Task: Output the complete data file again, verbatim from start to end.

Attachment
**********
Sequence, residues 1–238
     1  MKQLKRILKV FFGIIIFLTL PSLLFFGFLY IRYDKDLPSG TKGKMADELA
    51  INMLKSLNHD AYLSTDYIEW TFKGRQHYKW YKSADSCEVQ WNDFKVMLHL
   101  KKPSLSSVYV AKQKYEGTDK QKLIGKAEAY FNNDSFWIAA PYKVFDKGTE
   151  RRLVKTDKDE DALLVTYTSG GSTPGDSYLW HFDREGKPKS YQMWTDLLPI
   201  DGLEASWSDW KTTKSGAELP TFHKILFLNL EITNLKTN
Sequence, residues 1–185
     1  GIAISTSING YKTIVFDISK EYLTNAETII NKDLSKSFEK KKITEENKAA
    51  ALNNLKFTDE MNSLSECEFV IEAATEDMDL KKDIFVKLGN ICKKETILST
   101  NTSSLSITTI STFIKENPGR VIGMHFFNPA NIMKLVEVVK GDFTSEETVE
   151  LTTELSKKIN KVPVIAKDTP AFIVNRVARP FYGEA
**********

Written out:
Sequence, residues 1–238
     1  MKQLKRILKV FFGIIIFLTL PSLLFFGFLY IRYDKDLPSG TKGKMADELA
    51  INMLKSLNHD AYLSTDYIEW TFKGRQHYKW YKSADSCEVQ WNDFKVMLHL
   101  KKPSLSSVYV AKQKYEGTDK QKLIGKAEAY FNNDSFWIAA PYKVFDKGTE
   151  RRLVKTDKDE DALLVTYTSG GSTPGDSYLW HFDREGKPKS YQMWTDLLPI
   201  DGLEASWSDW KTTKSGAELP TFHKILFLNL EITNLKTN
Sequence, residues 1–185
     1  GIAISTSING YKTIVFDISK EYLTNAETII NKDLSKSFEK KKITEENKAA
    51  ALNNLKFTDE MNSLSECEFV IEAATEDMDL KKDIFVKLGN ICKKETILST
   101  NTSSLSITTI STFIKENPGR VIGMHFFNPA NIMKLVEVVK GDFTSEETVE
   151  LTTELSKKIN KVPVIAKDTP AFIVNRVARP FYGEA